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The Role of a Selection in Business

Selection in human resource management refers to the act of deciding in the right employees for the company. The main goal of this activity is to find the best available employees for the job on offer. It involves assessing the list of employees in order to find out the individuals with the required knowledge, skills, abilities and motivation to fill in the vacant position.

The selection process is normally a very demanding process and is done in a stepwise manner so that no errors are made in selecting the best employees for the organization (Baladad Para. 4). The first step is to clearly outline the organization’s strategy with regards to human resource management; this will help in the clarification of the parameters to be involved in the selection process. The next step is to identify an individual who shall be responsible for the whole selection process (Baladad, Para 5). Then, a selection of a group of managers to be involved in the selection process follows, whose mandate is to help the individual in step 2 to carry out the recruitment process. A list of the available vacant positions and the amount of pay for each one of them is made. The individual who is put in charge of the recruitment process will then identify the vacant positions or those that have not been filled up; this may involve consulting the other managers in the organization so as to find out the vacant positions. The next step involves making a decision on how the vacancies will be filled up. It is important that the positions that are required for the continued operation of the organization are considered first. This stage also involves posting adverts for the available vacant positions (Baladad, Para 7).The applications are then accepted and analyzed and a list of those who have qualified for the interview generated.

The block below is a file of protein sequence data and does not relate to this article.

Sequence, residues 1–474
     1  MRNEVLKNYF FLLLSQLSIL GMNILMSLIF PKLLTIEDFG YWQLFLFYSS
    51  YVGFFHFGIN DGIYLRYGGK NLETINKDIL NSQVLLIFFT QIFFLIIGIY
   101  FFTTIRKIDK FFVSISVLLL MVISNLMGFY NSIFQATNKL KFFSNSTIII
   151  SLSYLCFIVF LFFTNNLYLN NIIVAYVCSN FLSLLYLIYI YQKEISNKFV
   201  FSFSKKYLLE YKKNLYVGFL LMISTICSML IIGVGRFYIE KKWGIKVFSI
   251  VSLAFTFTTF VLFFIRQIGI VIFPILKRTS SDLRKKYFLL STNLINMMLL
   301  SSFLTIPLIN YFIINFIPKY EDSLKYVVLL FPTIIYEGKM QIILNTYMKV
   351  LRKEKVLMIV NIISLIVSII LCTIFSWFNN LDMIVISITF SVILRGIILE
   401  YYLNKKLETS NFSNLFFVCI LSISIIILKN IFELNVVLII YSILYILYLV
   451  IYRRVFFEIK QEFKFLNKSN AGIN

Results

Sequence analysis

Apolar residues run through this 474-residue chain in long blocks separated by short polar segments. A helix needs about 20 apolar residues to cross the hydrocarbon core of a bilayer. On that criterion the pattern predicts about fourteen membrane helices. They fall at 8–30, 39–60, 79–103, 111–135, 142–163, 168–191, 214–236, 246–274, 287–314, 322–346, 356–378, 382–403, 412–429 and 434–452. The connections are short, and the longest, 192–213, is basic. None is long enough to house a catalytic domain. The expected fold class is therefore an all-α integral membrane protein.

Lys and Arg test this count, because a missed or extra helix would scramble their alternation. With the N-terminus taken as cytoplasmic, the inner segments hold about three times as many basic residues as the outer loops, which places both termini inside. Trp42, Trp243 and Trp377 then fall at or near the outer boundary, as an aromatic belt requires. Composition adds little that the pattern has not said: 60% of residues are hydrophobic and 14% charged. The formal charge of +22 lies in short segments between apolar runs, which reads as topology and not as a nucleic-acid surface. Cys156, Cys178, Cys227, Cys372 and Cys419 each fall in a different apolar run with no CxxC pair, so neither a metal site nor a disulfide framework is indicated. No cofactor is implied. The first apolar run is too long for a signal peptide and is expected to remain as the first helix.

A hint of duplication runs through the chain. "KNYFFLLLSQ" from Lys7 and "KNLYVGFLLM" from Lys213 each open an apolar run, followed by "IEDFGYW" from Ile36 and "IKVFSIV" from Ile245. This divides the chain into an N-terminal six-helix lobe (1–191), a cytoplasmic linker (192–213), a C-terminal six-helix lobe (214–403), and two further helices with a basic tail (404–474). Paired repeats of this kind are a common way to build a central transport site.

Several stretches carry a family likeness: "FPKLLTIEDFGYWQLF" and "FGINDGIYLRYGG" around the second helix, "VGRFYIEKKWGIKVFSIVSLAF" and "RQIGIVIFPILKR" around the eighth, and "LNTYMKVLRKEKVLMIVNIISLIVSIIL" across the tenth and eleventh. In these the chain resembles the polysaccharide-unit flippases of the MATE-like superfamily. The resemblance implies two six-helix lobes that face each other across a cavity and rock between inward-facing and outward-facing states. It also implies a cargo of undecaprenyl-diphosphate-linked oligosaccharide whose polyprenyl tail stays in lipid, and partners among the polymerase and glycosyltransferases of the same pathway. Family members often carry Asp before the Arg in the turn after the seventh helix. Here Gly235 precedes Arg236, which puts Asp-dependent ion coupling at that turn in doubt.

The interviewer will then contact the short listed applicants to invite them for the first interview on the determined interview date. The interviewer will then make a decision on which of the interviewees are worth taking a closer look at. The eleventh step is to prepare the final interview list; the date of the interview should again be fixed with the finalists. The recruitment is then done, which is normally done with the final decision from the chief executive officer (Baladad, Para 7). A job offer is then made to the selected candidate and a confirmation is made so as to confirm whether the candidate will take the job or not. The contract is signed and the date for starting the job fixed. The last three steps include preparing the working place or desk of the new hiree, introducing him or her to the other employees and taking the employee through the requirements of the job and the organization at large – orientation (Baladad, Para 7).

Validity refers to the strength of a conclusion made; it also refers to the best available approximation to the truth (Van Wagner, Para 1). On the other hand, reality refers to the ability of an instrument to produce the same results each time it is used under the same conditions with the same subjects (Van Wagner, Para 2). Content validity means that the test would cover all the items it is meant to test (Van Wagner, Para 3) while criterion related validity refers to the ability of the test to effectively predict a criterion. Construct validity means that the test is able to show an association between the scores of the test and a prediction made by theoretical criteria (Van Wagner, Para 5). Face validity shows the ability of the test to generate the information that the researcher is looking for and lastly, concurrent validity occurs when the criterion measures are obtained at the same time with the test scores while predictive validity occurs when the criterion measurements are received some time after the test has been conducted (Van Wagner, Para 6).